Fig. 1

CONSORT (Consolidated Standards Of Reporting Trials) diagram: pre-notification comparison. ITT = Intention-to-treat

Fig. 2

CONSORT (Consolidated Standards Of Reporting Trials) diagram: reminder comparison. ITT = Intention-to-treat

Table 1

SUSRes study participant baseline characteristics

 

SMS text pre-notification comparison

E-mail reminder comparison

 

SMS text pre-notification n = 212

No pre-notification n = 206

E-mail reminder n = 60

Postal reminder n = 59

Age

    

Mean, years

40.7

40.8

42.9

42.1

SD

11.06

11.25

12.78

11.40

Median age, years

41

41

45

45

Age range, years

20–65

18–65

21–65

19–65

Age categories

    

≤40 years, n

98

100

34

34

%

46 %

49 %

57 %

58 %

>40 years, n

114

106

26

25

%

54 %

51 %

43 %

42 %

Sex

    

Male, n

171

164

48

46

%

81 %

80 %

80 %

78 %

Female, n

41

42

12

13

%

19 %

20 %

20 %

22 %

SMS short messenger service, SD standard deviation

At 4 weeks, the questionnaire response rate was slightly higher (57 %) following an SMS text pre-notification than in the control group (no SMS text: 52 %), but the difference was not statistically significant (adjusted OR 1.24, 95 % CI 0.84–1.82; Table 2). There was no effect of an e-mail reminder compared with a postal reminder on questionnaire response rates (68 % versus 66 %, respectively) at 4 weeks (adjusted OR 1.11, 95 % CI 0.51–2.40; Table 2). There was no effect of either intervention at 12 weeks (Table 2).
Table 2

Questionnaire response rate within treatment groups by questionnaire time point

Questionnaire time point

SMS text pre-notification n = 212

No pre-notification n = 206

E-mail reminder n = 60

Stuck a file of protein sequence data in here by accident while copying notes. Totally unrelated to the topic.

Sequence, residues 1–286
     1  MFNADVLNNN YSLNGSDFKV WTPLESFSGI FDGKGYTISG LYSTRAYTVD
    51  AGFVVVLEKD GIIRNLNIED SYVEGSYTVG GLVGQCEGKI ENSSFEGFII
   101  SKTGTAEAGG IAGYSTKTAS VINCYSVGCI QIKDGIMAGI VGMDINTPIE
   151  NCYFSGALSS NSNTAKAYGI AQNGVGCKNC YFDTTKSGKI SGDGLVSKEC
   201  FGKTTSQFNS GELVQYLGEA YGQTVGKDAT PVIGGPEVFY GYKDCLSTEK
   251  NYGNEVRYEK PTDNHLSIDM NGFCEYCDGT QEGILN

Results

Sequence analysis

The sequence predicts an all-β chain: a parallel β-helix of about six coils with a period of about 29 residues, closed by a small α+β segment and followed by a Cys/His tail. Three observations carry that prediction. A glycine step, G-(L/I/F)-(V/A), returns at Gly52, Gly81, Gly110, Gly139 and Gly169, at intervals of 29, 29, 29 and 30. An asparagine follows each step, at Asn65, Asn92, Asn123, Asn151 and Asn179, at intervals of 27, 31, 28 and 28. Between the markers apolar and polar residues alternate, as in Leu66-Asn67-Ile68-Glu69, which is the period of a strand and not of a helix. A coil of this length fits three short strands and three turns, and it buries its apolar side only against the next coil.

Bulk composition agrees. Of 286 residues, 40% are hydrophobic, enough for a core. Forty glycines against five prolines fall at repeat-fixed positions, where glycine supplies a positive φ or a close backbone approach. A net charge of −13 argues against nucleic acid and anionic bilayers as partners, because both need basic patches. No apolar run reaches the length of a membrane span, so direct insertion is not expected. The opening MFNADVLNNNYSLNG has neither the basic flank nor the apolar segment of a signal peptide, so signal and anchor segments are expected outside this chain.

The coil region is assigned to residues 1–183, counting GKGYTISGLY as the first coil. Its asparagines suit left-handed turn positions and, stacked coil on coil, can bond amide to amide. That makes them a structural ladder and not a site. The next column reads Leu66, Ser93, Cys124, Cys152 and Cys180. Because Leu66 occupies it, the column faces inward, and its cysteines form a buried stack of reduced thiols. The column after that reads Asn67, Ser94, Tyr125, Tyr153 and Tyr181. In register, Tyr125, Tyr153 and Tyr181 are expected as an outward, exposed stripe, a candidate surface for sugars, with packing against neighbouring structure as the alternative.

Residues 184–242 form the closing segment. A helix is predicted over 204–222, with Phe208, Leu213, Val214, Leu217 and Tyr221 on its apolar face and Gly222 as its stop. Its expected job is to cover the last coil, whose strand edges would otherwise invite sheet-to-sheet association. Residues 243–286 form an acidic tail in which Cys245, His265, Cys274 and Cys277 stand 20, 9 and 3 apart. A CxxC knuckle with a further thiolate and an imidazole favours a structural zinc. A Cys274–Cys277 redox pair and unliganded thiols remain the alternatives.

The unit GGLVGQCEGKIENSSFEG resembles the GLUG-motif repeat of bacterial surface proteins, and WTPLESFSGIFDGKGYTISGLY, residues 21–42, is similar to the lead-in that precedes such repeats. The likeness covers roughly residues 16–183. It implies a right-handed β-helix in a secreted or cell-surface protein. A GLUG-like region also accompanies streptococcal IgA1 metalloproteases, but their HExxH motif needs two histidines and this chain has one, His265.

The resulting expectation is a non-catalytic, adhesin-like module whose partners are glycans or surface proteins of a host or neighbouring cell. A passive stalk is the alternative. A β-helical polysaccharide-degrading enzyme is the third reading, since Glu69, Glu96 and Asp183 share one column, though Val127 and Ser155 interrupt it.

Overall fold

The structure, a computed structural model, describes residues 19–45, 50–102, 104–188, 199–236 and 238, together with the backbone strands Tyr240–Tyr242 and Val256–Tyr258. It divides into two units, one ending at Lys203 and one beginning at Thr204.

Postal reminder n = 59

Four weeks: n/N

121/212

106/206

41/60

39/59

%

57 %

52 %

68 %

66 %

Adjusted odds ratio (95 % CI)

1.24 (0.84–1.82)a; P = 0.290

1.11 (0.51–2.40)b; P = 0.796

Twelve weeks: n/N

89/212

87/206

33/60

32/59

%

42 %

42 %

55 %

54 %

Adjusted odds ratio (95 % CI)

0.97 (0.66–1.44)a; P = 0.895

1.03 (0.49–2.15)b; P = 0.937

Data are presented as number and percentages within each subcategory

SMS short messenger service, CI confidence interval

aAdjusted for age, sex, and reminder allocation

bAdjusted for age, sex, and pre-notification allocation

Subgroup analysis of response by sex and age suggested that women were more likely to respond to the 4-week questionnaire following an SMS text pre-notification (adjusted OR 2.58, 95 % CI 1.05–6.33; Table 3). There was no effect of an e-mail reminder in sex or age subgroup analysis (data not shown).
Table 3

Questionnaire response rate by sex and age following intervention

 

Four-week questionnaire

12-week questionnaire

 

SMS text pre-notification

No pre-notification

SMS text pre-notification

No pre-notification

Male: n/N

90/186

96/186

72/141

69/141

%

56 %

55 %

40 %

44 %

Adjusteda odds ratio (95 % CI)

1.05 (0.68–1.61); P = 0.842

0.85 (0.55–1.32); P = 0.475

Female: n/N

16/41

25/41

15/35

20/35

%

61 %

38 %

49 %

36 %

Adjusteda odds ratio (95 % CI)

2.58 (1.05–6.33); P = 0.038

1.72 (0.71–4.17); P = 0.232

≤40 years: n/N

43/96

53/96

33/69

36/69

%

54 %

43 %

37 %

33 %

Adjustedb odds ratio (95 % CI)

1.47 (0.83–2.56); P = 0.184

1.14 (0.63–2.05); P = 0.664

>40 years: n/N

63/131

68/131

54/107

53/107

%

60 %